Simple larvae sustain the world's smallest marine vertebrates

Goatley, Christopher H.R., Brandl, Simon J., Wroe, Stephen, and Bellwood, David R. (2020) Simple larvae sustain the world's smallest marine vertebrates. Coral Reefs, 40. pp. 75-82.

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Abstract

Cryptobenthic reef fishes (small, camouflaged, benthic-dwelling fishes) face exceptionally high mortality rates, yet they are the most abundant fishes on coral reefs. To maintain local adult populations in the face of these mortality rates, larval cryptobenthics may have adaptations that limit dispersal. However, the basis for this larval retention is unknown. Here, we compared the body shapes of adult and larval cryptobenthics with those of adult and larval large reef fishes to explore how morphological adaptations may enable cryptobenthic larvae to stay near their natal reefs. We found that while adults and larvae of large reef fishes and adult cryptobenthics display different 'average' morphological characteristics (i.e. different locations of the morphospace centroid), they all display a similar range of body shapes (i.e. similar morphospace sizes around their centroids). Larval cryptobenthics, however, exhibit a greatly constrained range of morphologies (occupying less than 20% of the morphospace of any other category). Larval cryptobenthics appear to be limited to a simple body plan, with elongate bodies and small fins. This simple body shape is likely to result in relatively poor swimming abilities, which may limit the ability of cryptobenthic larvae to maintain their position against prevailing currents in the pelagic zone. As such, limited dispersal in cryptobenthic larvae is likely to depend upon behavioural adaptations, such as flow-refuging, to avoid being washed away from their natal reefs.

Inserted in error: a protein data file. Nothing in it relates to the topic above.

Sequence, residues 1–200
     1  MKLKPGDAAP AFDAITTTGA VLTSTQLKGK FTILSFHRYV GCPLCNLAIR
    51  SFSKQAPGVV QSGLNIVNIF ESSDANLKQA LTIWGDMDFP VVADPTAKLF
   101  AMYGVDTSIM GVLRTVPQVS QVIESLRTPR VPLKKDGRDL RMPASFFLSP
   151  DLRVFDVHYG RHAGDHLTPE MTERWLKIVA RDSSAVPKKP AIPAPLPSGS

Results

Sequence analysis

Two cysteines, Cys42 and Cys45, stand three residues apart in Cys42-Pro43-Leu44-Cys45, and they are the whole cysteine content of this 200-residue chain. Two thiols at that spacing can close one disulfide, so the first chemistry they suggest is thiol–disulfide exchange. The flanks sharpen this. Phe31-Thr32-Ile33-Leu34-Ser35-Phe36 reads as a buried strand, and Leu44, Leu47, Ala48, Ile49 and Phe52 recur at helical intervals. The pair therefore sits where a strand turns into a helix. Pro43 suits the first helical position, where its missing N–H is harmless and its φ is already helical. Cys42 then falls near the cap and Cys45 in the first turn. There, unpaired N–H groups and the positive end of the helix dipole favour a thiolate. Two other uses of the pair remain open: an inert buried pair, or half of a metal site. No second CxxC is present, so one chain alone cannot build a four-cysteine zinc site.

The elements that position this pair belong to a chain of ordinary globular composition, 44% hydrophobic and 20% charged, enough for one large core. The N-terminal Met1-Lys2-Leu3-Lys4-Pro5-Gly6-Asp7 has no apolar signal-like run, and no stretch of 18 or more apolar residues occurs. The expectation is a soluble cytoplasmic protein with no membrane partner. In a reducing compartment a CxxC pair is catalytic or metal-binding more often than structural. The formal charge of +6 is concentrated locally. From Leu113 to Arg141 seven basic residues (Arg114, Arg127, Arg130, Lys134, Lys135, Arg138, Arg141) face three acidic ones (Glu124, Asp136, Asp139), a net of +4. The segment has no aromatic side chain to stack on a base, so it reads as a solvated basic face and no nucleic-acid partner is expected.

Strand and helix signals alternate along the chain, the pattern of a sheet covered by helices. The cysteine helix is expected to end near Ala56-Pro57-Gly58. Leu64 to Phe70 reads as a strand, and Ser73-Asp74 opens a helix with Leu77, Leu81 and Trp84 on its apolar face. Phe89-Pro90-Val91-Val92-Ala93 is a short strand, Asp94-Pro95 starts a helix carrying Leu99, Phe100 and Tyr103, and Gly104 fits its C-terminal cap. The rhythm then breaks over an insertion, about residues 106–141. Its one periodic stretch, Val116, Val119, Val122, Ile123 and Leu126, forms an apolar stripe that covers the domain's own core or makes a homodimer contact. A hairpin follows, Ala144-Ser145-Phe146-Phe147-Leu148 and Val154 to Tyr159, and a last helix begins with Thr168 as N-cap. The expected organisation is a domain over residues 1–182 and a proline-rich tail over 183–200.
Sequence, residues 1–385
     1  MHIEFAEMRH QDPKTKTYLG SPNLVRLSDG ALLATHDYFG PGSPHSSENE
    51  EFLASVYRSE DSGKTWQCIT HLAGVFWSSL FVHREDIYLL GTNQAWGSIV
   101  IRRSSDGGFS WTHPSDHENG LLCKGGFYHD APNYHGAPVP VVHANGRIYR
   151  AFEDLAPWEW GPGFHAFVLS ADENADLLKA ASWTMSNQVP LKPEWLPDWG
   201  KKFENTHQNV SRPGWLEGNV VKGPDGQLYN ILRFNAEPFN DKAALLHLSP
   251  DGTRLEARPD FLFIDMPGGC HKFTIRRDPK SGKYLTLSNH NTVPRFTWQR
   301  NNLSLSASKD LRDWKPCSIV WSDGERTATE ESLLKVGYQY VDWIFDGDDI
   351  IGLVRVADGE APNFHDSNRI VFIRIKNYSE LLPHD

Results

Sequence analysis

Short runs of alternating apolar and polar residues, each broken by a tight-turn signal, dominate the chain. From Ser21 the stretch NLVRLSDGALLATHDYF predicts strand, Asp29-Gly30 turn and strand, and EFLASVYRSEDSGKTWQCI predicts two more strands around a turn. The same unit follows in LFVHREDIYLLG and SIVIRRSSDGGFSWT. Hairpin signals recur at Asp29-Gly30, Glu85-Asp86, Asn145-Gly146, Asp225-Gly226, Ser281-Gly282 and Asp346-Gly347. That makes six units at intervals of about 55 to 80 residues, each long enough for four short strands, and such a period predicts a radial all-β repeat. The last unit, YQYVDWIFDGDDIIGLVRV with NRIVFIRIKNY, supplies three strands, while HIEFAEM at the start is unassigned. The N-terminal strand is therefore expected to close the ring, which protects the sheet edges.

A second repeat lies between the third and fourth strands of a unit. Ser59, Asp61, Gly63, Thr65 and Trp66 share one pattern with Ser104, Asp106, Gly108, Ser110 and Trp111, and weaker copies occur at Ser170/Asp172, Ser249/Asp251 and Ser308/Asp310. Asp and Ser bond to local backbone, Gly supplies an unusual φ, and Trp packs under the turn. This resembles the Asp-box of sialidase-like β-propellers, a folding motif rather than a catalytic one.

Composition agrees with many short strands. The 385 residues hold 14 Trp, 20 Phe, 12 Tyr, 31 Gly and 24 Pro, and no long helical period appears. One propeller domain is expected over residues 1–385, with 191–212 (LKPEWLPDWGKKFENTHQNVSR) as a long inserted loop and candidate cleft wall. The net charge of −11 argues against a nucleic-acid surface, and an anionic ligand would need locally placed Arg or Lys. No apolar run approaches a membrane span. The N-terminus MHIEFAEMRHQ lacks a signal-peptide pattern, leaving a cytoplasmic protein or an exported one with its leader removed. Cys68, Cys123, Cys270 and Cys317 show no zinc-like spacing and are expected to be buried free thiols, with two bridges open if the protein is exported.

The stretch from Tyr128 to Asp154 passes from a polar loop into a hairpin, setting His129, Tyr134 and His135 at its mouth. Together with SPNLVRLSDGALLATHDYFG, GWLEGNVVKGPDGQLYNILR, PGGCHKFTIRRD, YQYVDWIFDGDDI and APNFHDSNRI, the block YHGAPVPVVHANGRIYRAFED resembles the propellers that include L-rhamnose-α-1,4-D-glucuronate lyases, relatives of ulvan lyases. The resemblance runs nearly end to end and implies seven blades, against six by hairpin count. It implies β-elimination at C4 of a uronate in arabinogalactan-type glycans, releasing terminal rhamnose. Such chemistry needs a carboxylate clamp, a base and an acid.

Item ID: 66200
Item Type: Article (Research - C1)
ISSN: 1432-0975
Keywords: Coral reef, Cryptobenthic fish, Morphology, Larval ecology, Flow-refuging
Copyright Information: © Springer-Verlag GmbH Germany, part of Springer Nature 2020.
Funders: University of New England (UNE), Australian Research Council (ARC)
Projects and Grants: UNE Postdoctoral Research Fellowship, ARC FL190100062
Date Deposited: 25 Nov 2020 08:22
FoR Codes: 31 BIOLOGICAL SCIENCES > 3104 Evolutionary biology > 310403 Biological adaptation @ 50%
31 BIOLOGICAL SCIENCES > 3103 Ecology > 310305 Marine and estuarine ecology (incl. marine ichthyology) @ 50%
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